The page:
Minister won’t say no worker will be worse off

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Minister won’t say no worker will be worse off

The Federal Minister for Employment and Workplace Relations, Kevin Andrews, today twice refused to say that Australian workers would not be worse off under the Howard Government’s changes to workplace relations legislation.

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The Federal Minister for Employment and Workplace Relations, Kevin Andrews, today twice refused to say that Australian workers would not be worse off under the Howard Government’s changes to workplace relations legislation. 

He committed the Government to a minimum wage, but said it was not their ‘intention’ that it could be frozen for years in tougher economic times. 

New building industry commission

He also announced there would be more legislation in the latter part of the year to establish the Building and Construction Commission, which will be a regulatory body that will take over the powers of the interim Building Industry Task Force.  

Andrews was speaking to journalists after introducing legislation increasing fines for unions in the construction industry which take unlawful industrial action. The legislation also makes the unions liable for open-ended compensation for those affected by the unlawful action. It is retrospective as of today. 

No guarantee on wages

During the doorstop interview Andrews was asked whether he could give workers the same guarantee that John Howard and Peter Reith gave them in 1996 – that ‘no change the Government will make will make them worse off; that their wages and conditions won’t be cut’.

Andrews replied that the whole purpose of reform of industrial relations over the past few years, and any reform that the Government take forward in the future, is about ensuring that the prosperity for all Australians continues.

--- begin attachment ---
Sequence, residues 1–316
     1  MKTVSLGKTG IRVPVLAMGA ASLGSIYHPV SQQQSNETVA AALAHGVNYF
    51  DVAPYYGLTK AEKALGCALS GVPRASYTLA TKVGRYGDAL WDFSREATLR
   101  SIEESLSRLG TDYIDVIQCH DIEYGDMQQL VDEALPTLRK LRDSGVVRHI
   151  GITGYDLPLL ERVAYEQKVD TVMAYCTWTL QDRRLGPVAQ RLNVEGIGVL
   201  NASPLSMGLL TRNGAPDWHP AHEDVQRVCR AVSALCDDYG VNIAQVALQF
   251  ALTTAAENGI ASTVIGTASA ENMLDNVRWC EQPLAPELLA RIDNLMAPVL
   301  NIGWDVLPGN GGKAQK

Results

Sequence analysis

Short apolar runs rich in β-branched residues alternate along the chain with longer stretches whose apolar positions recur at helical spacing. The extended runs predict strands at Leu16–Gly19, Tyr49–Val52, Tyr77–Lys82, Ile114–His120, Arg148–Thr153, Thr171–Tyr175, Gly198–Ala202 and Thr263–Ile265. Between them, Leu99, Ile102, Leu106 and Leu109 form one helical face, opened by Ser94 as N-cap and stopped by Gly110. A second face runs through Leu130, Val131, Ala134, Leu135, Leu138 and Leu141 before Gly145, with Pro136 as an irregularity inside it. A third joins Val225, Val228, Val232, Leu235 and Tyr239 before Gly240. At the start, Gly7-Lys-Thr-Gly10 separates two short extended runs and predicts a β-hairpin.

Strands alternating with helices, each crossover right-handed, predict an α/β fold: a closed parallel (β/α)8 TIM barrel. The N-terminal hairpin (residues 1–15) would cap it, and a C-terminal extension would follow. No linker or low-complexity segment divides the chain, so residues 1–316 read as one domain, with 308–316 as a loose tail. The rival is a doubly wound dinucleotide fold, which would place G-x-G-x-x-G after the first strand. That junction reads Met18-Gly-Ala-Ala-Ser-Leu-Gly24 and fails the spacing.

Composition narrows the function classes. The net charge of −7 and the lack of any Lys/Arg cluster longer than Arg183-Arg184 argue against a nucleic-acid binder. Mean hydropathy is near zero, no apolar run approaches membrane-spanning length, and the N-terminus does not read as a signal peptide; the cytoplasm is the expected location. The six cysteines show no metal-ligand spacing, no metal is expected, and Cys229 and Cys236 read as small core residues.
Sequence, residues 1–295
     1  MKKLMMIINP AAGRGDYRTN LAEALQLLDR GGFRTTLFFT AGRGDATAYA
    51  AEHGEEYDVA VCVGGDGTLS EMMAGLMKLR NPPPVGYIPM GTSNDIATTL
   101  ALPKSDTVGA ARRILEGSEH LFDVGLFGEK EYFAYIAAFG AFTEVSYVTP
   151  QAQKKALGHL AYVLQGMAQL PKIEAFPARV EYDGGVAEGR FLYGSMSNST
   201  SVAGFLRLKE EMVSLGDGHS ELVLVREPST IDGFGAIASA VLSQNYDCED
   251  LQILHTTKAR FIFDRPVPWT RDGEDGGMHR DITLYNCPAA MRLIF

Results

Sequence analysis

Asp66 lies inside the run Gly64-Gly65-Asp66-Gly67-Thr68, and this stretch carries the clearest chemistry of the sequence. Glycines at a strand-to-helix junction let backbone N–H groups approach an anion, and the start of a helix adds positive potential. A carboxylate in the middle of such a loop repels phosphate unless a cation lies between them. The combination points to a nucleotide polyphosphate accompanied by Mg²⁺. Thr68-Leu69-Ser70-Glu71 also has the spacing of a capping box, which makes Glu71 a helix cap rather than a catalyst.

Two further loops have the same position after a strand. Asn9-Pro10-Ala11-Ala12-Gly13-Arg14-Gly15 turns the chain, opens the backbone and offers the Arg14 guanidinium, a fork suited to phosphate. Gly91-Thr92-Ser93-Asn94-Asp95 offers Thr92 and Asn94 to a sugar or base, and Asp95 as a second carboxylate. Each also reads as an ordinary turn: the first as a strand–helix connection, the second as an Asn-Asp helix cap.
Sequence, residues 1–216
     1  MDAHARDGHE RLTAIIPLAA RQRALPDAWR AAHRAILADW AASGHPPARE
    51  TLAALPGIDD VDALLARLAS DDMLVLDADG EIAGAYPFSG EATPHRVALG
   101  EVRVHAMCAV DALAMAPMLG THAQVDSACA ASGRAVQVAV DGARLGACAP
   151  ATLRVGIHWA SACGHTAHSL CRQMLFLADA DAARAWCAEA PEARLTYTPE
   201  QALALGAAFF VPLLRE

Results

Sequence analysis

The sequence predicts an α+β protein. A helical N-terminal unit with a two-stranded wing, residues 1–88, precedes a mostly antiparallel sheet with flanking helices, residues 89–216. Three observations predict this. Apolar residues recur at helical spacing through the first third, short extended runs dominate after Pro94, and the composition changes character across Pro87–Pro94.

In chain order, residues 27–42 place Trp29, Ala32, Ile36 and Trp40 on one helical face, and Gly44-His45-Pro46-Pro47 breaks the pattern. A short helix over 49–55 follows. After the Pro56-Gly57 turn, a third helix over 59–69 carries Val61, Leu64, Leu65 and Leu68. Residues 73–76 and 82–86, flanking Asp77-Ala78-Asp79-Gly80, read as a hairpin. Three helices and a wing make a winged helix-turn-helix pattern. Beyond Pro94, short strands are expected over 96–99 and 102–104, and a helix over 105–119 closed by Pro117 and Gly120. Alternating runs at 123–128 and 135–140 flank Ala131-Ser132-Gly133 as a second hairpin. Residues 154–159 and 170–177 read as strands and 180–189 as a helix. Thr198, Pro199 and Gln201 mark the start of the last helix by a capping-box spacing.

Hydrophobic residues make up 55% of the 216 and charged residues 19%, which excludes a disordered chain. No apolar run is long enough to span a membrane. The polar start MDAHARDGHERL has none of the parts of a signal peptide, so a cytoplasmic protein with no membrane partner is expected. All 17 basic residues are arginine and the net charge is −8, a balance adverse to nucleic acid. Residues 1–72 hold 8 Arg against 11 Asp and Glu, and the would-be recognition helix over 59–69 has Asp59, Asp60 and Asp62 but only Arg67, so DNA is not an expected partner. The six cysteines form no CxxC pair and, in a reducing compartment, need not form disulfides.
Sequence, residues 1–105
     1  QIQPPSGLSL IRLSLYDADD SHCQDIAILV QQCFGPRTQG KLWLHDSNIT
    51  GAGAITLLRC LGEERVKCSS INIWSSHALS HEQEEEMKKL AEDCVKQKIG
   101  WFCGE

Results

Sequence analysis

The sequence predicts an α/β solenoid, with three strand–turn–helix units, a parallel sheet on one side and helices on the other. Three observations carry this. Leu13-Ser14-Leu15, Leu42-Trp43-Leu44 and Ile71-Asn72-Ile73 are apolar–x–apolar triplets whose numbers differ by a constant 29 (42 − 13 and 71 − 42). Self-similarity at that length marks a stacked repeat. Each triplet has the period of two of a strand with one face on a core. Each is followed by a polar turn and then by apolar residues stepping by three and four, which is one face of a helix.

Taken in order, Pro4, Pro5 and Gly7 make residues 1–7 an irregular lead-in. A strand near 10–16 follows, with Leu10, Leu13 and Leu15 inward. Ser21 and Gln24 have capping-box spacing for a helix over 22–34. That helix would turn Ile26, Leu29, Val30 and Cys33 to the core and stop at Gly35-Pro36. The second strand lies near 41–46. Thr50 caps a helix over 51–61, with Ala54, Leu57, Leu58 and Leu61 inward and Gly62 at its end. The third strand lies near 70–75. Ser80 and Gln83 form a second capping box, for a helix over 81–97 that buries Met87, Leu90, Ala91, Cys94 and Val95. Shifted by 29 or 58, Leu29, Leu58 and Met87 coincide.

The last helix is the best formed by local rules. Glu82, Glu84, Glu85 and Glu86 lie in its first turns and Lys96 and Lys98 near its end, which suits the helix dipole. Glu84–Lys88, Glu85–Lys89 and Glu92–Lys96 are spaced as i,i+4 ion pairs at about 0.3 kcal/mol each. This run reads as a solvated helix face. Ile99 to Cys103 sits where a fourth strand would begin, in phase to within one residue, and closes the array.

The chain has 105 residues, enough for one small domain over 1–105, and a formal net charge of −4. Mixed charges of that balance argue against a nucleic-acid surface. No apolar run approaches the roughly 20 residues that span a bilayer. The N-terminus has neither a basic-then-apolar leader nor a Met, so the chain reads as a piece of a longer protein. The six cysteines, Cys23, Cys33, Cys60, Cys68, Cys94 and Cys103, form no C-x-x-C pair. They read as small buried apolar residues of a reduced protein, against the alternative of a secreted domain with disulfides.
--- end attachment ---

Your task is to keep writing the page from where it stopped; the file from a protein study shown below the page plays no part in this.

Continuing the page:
‘As to the detail of any further reform, this matter has only just begun to be discussed by Cabinet, and it won’t be for some weeks or maybe even a month or so before we can say what we’re doing,’ he said.   

‘But can I say to Australian workers, this is about ensuring that the prosperity that you’re enjoying at the present time is something which will continue.’ 

A further question asked: ‘But you can make changes that boost productivity and prosperity across the economy, but you can still create a circumstance where an individual can have their wages cut if you change the mechanism that’s used to set minimum wages. Can you guarantee that no worker will have their wages cut as a result of what the government does?’ 

Andrews replied: ‘If we boost productivity in this country, and we boost it in different industry sectors, then what’s quite clearly been the outcome of that is higher wages for employees.

‘If you look at a sector such as the mining industry for example, or the communications sector, there is the highest productivity growth in the economy and that’s led to a win-win situation.’

Minimum wages

On minimum wages, Andrews was asked: ‘Would it be possible for minimum wages to be reduced under the reforms that government’s considering?’

‘We’re not about reducing minimum wages,’ he said. ‘We’re not about reducing minimum wages.  We will maintain minimum wages.  We will maintain a safety net.  We are looking at the mechanism by which that might be done.’

Andrews was then asked whether it is possible that workers on low wages could have their wages frozen for years at a time because of concerns about inflationary pressure building in the economy.  

‘Look, that is not the intention of the Government,’ he said.

For the full transcript go to Building and Construction Industry Improvement.

Related

Federal IR changes 2005 

 

 

 

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